Minor nit: RTG useful lifetime for electrical generation is set by thermocouple degradation, not by Pu decay.

RTG lifetimes are usually quoted, if I remember correctly, as ~14 years. With the original flight time to Saturn of ~7 years and a nominal ~3 year prime mission, this would have left ~4 years for an extended mission.

However, as mcaplinger notes, the power drop off from the RTG is gradual. As long as the battery can still recharge, then the mission could go on for many years, but perhaps with a reduced flight frequency and/or time per flight. Other parts of Dragonfly such as the rotors may go first.

Curiosity works much the same way - the RTG powers a battery that powers travel and high-powered instrument use. There has been talk about the need for reduced levels of activity for Curiosity starting in a couple of so years. One goal has been to get well in into the sulfate-bearing layers before this becomes a hindrance.


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mcaplinger
post Jun 15 2021, 10:57 PM
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QUOTE (vjkane @ Jun 15 2021, 03:33 PM) *
Curiosity works much the same way - the RTG powers a battery that powers travel and high-powered instrument use.

It should also be observed that while waste heat from the RTG -- which doesn't tail off very quickly -- is used to keep the internals of MSL warm, the actuators and external instruments use electrical heaters, and that can be a substantial use of energy, especially in the winter.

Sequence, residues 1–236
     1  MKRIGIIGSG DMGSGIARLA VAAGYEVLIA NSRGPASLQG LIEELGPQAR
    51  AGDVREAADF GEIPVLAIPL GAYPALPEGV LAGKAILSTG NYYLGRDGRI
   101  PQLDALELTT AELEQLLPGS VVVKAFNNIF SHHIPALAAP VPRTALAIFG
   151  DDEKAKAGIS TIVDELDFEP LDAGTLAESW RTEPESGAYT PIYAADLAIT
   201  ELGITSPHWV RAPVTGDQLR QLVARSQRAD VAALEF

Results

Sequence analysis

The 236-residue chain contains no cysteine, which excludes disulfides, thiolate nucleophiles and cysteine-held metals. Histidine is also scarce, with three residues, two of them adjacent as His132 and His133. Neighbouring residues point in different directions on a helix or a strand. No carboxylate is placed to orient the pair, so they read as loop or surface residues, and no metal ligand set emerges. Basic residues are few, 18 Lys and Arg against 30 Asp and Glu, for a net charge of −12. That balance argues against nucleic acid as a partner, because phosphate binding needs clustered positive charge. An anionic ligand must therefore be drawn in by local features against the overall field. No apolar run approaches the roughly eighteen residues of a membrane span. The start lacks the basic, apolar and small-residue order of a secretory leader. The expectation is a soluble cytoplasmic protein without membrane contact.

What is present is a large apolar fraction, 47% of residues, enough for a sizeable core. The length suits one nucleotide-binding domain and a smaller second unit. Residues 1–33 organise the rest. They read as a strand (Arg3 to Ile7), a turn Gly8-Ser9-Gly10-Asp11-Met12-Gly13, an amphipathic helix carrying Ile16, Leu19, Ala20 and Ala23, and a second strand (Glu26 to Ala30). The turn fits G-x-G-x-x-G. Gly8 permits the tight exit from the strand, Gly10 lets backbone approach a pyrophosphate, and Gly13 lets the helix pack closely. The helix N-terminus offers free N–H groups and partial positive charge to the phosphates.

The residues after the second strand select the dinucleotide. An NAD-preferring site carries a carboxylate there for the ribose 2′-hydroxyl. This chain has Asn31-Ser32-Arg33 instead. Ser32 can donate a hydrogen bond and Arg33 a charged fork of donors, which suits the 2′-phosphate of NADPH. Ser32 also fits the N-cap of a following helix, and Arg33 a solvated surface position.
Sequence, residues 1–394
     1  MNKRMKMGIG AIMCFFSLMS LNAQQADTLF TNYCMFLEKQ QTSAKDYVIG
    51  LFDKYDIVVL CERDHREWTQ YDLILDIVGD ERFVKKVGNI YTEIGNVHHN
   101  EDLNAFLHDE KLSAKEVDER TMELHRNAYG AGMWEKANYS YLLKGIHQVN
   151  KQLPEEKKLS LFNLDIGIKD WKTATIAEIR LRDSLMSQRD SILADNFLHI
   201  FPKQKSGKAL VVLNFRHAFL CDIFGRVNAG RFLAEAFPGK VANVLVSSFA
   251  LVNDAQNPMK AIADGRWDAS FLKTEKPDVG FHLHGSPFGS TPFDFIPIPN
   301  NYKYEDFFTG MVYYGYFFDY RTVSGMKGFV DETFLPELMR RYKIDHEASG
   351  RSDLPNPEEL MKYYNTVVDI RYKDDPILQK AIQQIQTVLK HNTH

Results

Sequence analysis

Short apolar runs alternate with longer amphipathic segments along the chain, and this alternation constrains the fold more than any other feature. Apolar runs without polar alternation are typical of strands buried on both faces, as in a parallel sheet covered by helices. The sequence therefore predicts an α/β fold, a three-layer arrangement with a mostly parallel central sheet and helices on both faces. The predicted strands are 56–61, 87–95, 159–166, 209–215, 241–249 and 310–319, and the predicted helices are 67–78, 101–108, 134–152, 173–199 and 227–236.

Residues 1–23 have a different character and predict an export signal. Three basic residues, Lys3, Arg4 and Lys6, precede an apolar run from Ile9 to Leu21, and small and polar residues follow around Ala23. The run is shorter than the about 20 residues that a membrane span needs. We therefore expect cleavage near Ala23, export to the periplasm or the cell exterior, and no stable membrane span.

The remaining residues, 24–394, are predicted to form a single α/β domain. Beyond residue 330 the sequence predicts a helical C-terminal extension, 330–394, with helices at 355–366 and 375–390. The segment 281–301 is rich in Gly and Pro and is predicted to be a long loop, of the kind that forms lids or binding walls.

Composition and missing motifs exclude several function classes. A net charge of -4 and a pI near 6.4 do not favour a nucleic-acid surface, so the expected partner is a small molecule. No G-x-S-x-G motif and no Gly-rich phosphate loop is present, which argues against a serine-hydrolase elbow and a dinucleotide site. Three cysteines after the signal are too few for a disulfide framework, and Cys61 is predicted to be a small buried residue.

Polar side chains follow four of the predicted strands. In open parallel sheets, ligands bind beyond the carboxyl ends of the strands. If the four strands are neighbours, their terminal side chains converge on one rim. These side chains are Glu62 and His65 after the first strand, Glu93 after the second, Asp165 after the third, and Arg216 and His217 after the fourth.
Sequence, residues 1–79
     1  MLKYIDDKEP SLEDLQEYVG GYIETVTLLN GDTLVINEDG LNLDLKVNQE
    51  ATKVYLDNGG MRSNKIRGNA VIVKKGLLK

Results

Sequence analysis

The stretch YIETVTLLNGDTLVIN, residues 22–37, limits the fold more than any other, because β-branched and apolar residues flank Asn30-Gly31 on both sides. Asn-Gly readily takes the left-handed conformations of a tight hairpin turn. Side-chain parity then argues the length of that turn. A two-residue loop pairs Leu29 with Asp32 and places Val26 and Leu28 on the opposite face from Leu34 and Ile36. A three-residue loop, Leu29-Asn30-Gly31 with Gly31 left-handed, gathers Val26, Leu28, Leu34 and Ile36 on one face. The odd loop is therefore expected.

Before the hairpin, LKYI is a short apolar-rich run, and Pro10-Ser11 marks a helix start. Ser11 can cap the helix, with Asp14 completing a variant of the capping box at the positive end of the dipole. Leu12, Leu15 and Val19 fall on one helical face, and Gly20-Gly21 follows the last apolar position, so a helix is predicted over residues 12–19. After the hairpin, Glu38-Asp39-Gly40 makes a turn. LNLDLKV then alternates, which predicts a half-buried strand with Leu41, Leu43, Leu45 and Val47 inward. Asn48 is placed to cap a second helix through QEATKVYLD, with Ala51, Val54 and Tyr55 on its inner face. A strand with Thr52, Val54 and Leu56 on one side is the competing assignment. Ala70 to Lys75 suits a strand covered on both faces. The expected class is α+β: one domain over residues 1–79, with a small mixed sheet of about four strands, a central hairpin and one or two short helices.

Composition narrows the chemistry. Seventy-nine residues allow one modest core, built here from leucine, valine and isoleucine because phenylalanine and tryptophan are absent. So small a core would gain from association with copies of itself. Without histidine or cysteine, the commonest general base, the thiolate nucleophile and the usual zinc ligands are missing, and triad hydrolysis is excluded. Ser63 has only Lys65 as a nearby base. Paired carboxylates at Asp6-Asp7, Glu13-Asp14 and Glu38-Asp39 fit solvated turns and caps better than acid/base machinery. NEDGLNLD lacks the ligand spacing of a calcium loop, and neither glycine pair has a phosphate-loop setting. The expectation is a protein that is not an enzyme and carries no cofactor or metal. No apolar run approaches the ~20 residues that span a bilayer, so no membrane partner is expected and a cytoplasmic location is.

How Dragonfly compares as far as thermal design I don't know. But at -180C typical temperatures, Titan makes Mars look downright balmy.


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vjkane
post Jun 17 2021, 02:11 PM
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QUOTE (mcaplinger @ Jun 15 2021, 03:57 PM) *
It should also be observed that while waste heat from the RTG -- which doesn't tail off very quickly -- is used to keep the internals of MSL warm, the actuators and external instruments use electrical heaters, and that can be a substantial use of energy, especially in the winter.

I once read a paper or conference abstract on what it would take to enable a rover on Mars to travel hundreds of kilometers during its mission. The key was low temperature lubricants for the wheels. Apparently, a substantial amount of the battery's output goes to warming the lubricant in the wheels.


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Brian Swift
post Jun 17 2021, 09:10 PM
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QUOTE (vjkane @ Jun 17 2021, 06:11 AM) *